* Posts by FDavids

16 posts • joined 19 Mar 2014

Fresh and fast little flashers from NetApp

FDavids

Re: Confused

"The All Flash startups have one product beating NetApp's 3 product lines."

Yes, that may explain why Pure dropped from #1 to #5 in Flash market share (#4 if you combine EMC+Dell), Nimble doesn't even register on the IDC flash chart and why NetApp has moved from the #5 position to #2 and very close to DELL+EMC, and in front of HP and IBM on the latest IDC flash share chart. I can see how that can cause confusion. Which flash startups are beating them again? <sarcasnm>

“NetApp tries so hard to come across as "Enterprise"

As far as enterprise goes. NetApp has more US Federal Government market share than all other storage vendors combined. Maybe I am wrong, but I bet the US government is running some fairly "enterprise" stuff. NetApp runs the Oracle Database at CERN which are the largest and most complex scientific instruments in the world. NetApp also runs Guinness World’s record for largest SAP data warehouse at 12.1PB at SAP. Maybe these things aren’t “Enterprise”, not sure. <more sarcasm>

IBM, NetApp lose ground amid global storage systems growth, says IDC

FDavids

This new IDC format is not apples to apples

Not that any IDC format is fully apples to apples, but this one is the worst. Dell+EMC, IBM, and Hitachi for example sells mainframe storage which is a high revenue and high dollar product. Most other companies do not, so lumping them in together provides an unrealistic picture. If you were to compare all flash open systems storage for example, which is more apples to apples and where the entire industry is heading, the chart would be completely different. For example IBM and Pure have lost considerable ground in open systems flash according to the last IDC release while NetApp has grown considerably and is almost the same revenue as Dell/ EMC. This is a useless chart for apples to apples comparisons. IMO

FDavids

Re: Meh - its based on revenue

The next update will be available about March 11. It will have the Q4 2015 and full year 2015 charts. Hopefully El Reg provides commentary on both the revenue shipped and capacity shipped numbers.

FDavids

Re: Meh - its based on revenue

Mr. Nobody. I totally agree and the challenge with this article is that El Reg only tells half of the story. This has been a complaint of mine for a while. The IDC report referenced actually publishes both shipped revenue and shipped capacity. For some reason El Reg only comments on the revenue which can be misleading. As you said a vendor that is more expensive per TB may have actually shipped less capacity, but made more revenue making the analysis skewed. Being dramatic, think of it this way. Say vendor “A” ships 1PB of SAN for $1M and vendor “B” ships 2PB of SAN for $500K. Which one sold more? I would argue that the vendor “B” that shipped 2PB sold more storage than vendor “A” who only shipped 1PB but made more money.

This article states “IDC's quarterly storage tracker* has revealed that IBM and NetApp have lost the most ground, and HP and ODMs have gained most.”, but that is on a revenue basis. While the statement is still true on capacity, the numbers aren’t as dramatic. IBM’s revenues were down 9.6%, but their capacity shipped was only down 0.4%, less than one percent, meaning that basically they lowered their prices, but didn’t lose as much share as the 9.6%% would indicate. Same on NetApp, while NetApp’s revenue was down 12.8% on revenue, capacity shipped was only down 0.8%, again less than one percent. Also on the capacity shipped chart NetApp is #2 in capacity shipped behind EMC, but on the revenue chart is #4. Maybe this means that NetApp is simply lowered prices vs. lost 12.8% share. HP, the one who grew 5.3% revenue in this report only grew 0.6% in capacity shipped which puts them at a further distance than the “within a whisker” of NetApp as the article’s revenue only analysis indicates. So HP grew revenue 5.3%, but only grew capacity shipped 0.6%, which is more important, depends who you ask. HP may have just raised their prices or is selling more expensive product (Flash) than in the past. Either way, how much capacity they are shipping hasn’t increased at the rate of their gain in revenue.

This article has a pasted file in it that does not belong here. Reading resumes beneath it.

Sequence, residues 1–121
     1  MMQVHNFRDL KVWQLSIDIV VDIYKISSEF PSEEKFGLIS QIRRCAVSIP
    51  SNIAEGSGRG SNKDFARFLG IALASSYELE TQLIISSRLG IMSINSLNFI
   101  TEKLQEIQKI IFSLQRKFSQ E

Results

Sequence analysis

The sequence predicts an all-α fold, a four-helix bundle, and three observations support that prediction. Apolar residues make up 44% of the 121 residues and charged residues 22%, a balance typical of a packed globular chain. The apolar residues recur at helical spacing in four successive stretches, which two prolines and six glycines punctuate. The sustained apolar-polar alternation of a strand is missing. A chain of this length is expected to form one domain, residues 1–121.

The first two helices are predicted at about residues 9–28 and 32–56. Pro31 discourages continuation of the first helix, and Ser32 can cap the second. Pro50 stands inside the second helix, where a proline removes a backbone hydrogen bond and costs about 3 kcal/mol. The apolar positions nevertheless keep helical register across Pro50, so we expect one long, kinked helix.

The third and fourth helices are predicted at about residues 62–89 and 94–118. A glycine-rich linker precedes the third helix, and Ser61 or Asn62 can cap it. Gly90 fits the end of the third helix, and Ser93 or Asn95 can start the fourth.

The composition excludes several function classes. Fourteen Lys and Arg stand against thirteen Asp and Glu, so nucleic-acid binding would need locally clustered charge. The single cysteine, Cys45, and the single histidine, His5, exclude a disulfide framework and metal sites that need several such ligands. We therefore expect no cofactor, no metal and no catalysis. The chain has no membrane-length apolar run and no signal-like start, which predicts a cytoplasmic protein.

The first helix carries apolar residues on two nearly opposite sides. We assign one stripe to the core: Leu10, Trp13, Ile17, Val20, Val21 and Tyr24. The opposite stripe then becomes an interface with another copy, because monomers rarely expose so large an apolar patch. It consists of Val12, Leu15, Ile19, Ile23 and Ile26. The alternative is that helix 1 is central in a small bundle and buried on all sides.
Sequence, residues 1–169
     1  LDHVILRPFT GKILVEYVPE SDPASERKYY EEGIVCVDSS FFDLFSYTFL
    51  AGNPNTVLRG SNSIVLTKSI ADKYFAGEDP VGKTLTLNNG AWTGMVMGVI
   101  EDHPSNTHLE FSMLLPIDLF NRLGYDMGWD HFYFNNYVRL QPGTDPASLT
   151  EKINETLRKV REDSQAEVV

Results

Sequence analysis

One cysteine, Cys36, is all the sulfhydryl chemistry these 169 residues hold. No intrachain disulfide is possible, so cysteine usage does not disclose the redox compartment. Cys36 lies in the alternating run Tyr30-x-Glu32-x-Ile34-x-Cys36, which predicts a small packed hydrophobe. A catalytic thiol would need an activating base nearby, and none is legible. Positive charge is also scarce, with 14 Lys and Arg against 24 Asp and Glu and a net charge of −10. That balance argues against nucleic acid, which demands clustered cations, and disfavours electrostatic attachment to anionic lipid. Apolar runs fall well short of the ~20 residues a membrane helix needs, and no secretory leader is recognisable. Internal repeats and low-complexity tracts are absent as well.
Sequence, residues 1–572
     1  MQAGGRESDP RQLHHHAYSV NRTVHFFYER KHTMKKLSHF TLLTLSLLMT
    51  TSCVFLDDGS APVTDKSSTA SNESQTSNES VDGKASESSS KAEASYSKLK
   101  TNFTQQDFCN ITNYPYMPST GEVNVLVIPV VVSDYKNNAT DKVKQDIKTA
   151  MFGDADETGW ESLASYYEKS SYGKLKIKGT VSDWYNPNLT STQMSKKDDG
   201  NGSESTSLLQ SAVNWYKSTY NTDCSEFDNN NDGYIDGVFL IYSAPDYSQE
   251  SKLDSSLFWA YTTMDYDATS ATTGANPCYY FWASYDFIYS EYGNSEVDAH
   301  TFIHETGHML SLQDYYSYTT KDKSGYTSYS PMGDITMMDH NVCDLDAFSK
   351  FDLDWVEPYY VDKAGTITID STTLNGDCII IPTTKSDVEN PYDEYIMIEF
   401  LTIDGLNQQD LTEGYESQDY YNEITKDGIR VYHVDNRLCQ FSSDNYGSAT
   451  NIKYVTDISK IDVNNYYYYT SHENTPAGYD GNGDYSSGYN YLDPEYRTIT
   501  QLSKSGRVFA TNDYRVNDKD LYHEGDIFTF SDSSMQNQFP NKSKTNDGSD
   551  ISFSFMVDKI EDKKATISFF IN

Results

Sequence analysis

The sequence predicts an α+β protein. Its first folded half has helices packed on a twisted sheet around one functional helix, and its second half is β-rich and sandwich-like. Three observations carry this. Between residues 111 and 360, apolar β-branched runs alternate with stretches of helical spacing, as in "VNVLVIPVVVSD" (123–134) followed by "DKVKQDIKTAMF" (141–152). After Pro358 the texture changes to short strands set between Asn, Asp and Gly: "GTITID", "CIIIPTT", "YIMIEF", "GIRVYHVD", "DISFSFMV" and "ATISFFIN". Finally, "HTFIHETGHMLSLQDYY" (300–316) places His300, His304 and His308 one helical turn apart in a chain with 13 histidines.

Net is the revenue side of these charts is only half the story and I wish El Reg would report on both because at the end of the day, it is up to the reader to decide which metric, capacity shipped or revenue shipped is more important to them. Ideally, the revenue per TB shipped would be the best indicator for a reader who is analyzing storage because it would actually tell them who is expensive and who is not.

Why did Nimble sell and why did HPE buy: We drill into $1.2bn biz deal

FDavids

Re: Cisco: Be Bold!

Cisco isn't dumping SAN, they just partner with SAN vendors like NetApp, Pure and until yesterday Nimble and up until the Dell acquisition EMC. Why would Cisco buy the cow when they are getting the milk for free?

Revamped IDC Storage Tracker anoints Dell as external storage top dog

FDavids

This new IDC format is not apples to apples

Not that any IDC format is fully apples to apples, but this one is the worst. Dell+EMC, IBM, and Hitachi for example sells mainframe storage which is a high revenue and high dollar product. Most other companies do not, so lumping them in together provides an unrealistic picture. If you were to compare all flash open systems storage for example, which is more apples to apples and where the entire industry is heading, the chart would be completely different. For example IBM and Pure have lost considerable ground in open systems flash according to the last IDC release while NetApp has grown considerably and is almost the same revenue as Dell/ EMC. This is a useless chart for apples to apples comparisons. IMO

Pure unsheathes the FlashBlade, cuts out NetApp legacy system

FDavids

Re: doing some math

What do you mean by "But now we definitely need to factor in a 30% raid hit for NetApp and they don't have ANY efficiencies on their boxes" NetApp has inline compression plus dedupe, plus post write compression. How is that "don't have any effecencies"?

FDavids

Oooh, Pure replaced an old NetApp box

I replaced two old Pure boxes at two separate customers with NetApp recently. Can you write a big article about those also? AKA One sparrow doesn't make it Spring.

Go and whistle, IDC. The storage world's going to hell in a handbasket